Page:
Escape from Nazi Germany
“The Nazis celebrated their coming to power by torchlight processions… I remember them coming past with their torches singing anti-Semitic songs, looking forward to Jewish blood splashing from their knives”.
Heinz spent his early life in Fürth, a small town near Nuremberg where his family ran a textile business. Heinz led a normal life as a young boy and went to a traditional German grammar school.
Heinz clearly remembers the Nazi rise to power, two weeks before his 13th birthday. Torchlit processions lined the streets. Heinz recalls the general view that this was a passing phase that wouldn’t last.
By 1935 Heinz was one of only three Jewish boys to remain at the grammar school. He recalls an episode in which the Hitler Youth leader told them, “We don’t want Jews here”. However the boys stayed on with the support of their families and non-Nazi schoolmates. In the same year, Heinz’s older brother, Frank, left Germany after the Nazi staff representative where he worked reported his relationship with a non-Jewish girl to the local Gestapo. It was clear that Frank would be in danger so the family decided that he would ‘disappear’. He spent six months in Switzerland and from there managed to get a permit to come to England.
At 16 Heinz left school and began a two-year apprenticeship at an advertising firm. By the time he finished, in 1938, he says “it had become obvious that we would have to leave Germany”. He went to Hamburg to do an intensive English language course while the family tried to find a way to get him out. Heinz was living in student digs in Hamburg on 9 November 1938, when the murder of a German diplomat in Paris became the excuse for the pogrom known as Kristallnacht.
Heinz has vivid memories of Kristallnacht. He was woken by a phone call from his mother at 4am. She told him “Father’s gone away”, which was code for “he’s been arrested”, and told Heinz to “go for a walk” immediately. Heinz spent the next 16 hours walking the streets and saw the synagogues burning, smoke everywhere and groups of Jews being rounded up and marched through the streets. He escaped arrest, but his father was sent to Dachau concentration camp for 6 weeks, an experience that changed him for life.
Kristallnacht made it very clear to the family that they would have to escape. It was a difficult time; with quotas and immigration restrictions there were few options available. Eventually Frank, by now living in Leeds, managed to get Heinz a trainee post in a clothing factory and he left Hamburg for London in February 1939. The very first thing he did on arrival at Leeds station, was take a tram to Elland Road to watch Leeds United draw 1-1 with Everton. The passion for Leeds United has stayed with him ever since.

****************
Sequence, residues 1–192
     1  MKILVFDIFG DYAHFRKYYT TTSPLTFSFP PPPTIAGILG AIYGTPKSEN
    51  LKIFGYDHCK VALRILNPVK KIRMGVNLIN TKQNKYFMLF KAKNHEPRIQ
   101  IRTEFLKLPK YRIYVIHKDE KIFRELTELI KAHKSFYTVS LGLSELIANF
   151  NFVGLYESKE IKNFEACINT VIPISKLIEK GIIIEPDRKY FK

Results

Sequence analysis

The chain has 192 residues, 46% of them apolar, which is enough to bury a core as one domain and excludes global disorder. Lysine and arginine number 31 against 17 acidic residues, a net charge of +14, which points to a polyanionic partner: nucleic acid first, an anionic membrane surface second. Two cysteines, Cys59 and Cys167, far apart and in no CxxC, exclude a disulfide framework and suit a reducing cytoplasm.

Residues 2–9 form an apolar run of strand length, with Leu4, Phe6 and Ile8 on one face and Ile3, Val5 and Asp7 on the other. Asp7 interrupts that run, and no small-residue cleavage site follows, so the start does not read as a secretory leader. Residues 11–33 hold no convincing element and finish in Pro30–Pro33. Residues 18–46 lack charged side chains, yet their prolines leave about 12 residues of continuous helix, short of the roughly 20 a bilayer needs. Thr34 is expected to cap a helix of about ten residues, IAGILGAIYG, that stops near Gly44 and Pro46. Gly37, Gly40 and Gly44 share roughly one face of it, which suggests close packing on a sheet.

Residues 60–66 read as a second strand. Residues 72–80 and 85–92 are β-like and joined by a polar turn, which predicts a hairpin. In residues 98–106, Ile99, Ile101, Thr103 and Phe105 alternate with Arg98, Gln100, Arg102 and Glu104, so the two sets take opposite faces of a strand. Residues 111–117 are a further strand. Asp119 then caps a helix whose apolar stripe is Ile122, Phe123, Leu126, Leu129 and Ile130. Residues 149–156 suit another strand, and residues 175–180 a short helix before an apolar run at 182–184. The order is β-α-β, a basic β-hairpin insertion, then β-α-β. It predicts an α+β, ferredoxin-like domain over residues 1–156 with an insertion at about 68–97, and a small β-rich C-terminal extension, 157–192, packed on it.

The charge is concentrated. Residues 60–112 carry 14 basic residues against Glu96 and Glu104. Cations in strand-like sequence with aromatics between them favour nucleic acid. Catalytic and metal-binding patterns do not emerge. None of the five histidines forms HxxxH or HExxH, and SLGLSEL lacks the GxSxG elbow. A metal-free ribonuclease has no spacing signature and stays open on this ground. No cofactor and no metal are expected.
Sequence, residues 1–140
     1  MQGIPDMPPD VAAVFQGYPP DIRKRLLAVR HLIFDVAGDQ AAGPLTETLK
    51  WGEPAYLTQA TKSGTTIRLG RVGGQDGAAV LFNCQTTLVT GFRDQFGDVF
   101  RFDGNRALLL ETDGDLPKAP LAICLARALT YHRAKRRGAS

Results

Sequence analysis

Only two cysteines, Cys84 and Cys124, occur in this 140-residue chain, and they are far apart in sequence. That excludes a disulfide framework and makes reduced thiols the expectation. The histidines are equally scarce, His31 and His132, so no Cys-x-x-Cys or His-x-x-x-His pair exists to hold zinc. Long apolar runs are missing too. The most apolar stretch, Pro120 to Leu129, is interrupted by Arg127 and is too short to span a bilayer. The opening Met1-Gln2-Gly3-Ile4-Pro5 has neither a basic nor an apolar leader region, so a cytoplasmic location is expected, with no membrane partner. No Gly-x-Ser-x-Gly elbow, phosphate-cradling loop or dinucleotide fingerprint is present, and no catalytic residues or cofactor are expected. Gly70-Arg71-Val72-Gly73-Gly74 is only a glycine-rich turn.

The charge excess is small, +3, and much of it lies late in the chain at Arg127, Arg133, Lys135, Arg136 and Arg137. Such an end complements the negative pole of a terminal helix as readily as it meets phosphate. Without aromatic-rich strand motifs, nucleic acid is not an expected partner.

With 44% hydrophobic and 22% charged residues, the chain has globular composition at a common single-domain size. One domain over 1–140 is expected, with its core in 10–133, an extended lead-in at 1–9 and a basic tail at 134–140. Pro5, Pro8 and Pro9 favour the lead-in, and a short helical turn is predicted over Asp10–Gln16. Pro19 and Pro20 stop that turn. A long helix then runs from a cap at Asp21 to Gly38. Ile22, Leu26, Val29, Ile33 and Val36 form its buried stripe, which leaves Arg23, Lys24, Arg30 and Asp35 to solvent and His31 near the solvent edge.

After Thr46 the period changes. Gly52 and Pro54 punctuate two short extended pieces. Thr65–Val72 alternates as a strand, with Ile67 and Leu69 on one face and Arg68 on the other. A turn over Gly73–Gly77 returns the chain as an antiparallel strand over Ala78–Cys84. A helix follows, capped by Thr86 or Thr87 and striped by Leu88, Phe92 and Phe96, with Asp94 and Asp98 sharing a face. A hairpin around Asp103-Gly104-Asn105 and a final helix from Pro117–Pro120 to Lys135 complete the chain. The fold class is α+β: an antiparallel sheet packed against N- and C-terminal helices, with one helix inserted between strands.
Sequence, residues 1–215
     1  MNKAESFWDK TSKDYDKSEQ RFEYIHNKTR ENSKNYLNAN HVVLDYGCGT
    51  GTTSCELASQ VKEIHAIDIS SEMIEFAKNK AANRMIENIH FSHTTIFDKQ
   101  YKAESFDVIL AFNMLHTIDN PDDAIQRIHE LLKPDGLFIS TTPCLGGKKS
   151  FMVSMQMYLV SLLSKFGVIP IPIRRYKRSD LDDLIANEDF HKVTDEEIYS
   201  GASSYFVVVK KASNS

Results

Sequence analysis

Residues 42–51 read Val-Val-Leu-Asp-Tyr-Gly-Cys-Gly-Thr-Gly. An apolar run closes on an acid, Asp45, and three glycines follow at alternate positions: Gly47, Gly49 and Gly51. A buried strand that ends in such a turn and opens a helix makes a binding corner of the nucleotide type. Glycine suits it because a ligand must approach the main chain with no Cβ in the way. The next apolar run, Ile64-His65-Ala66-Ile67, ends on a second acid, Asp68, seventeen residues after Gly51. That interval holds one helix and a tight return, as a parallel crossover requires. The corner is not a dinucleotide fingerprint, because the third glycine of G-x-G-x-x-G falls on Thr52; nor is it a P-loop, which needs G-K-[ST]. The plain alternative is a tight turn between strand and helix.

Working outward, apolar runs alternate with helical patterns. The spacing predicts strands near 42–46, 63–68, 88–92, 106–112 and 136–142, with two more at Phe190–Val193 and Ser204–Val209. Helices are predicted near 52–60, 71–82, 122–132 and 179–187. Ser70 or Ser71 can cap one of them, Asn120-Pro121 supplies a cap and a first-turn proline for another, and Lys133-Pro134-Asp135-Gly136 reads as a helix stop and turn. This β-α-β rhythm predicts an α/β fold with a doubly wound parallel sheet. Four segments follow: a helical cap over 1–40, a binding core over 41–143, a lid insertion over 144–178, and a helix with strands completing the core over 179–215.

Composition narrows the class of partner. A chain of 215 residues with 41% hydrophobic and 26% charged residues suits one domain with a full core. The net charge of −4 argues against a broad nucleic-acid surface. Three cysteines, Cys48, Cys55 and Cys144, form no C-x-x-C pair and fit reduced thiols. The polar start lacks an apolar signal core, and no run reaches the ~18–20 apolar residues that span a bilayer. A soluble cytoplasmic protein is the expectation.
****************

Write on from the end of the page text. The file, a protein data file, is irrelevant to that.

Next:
Heinz settled into his job in a garment factory and he and Frank concentrated all their efforts on getting their parents out of Nuremberg. They finally managed to get visas, and their parents arrived in England on August 27th, a mere four days before war broke out. The family was reunited in Leeds, but this wasn’t the end of their difficulties.
On the outbreak of war, any Germans living in England immediately came under suspicion, no matter what their circumstances. The British Government began tribunals that categorised them as either Enemy Aliens or Friendly Aliens according to the threat they were thought to pose. In Leeds, all Jewish refugees were made Category B Enemy Aliens. In May 1940 Heinz and his family were arrested and interned. Heinz and Frank were sent first to an internment camp on the Isle of Man, and subsequently to Canada, where they remained until August 1942. Heinz understands the reasoning behind the policy but remembers a sense of resentment: having being forced out of Germany for being Jewish, he was now interned by the British authorities as a German, despite being more anti-Nazi than most British people.
On his return from Canada Heinz volunteered for war work and spent the rest of the war working in engineering. He also met and married Thea, a fellow Jewish refugee who had arrived in England with the Kindertransport. After the war, they were keen to become naturalised and were granted British citizenship in 1947, a significant moment for them. It didn’t take them long to feel settled in Britain and make a contribution to the community. Heinz began work for the Jewish Welfare Board and in 1976 received his MBE in recognition of a lifetime of dedication to community work.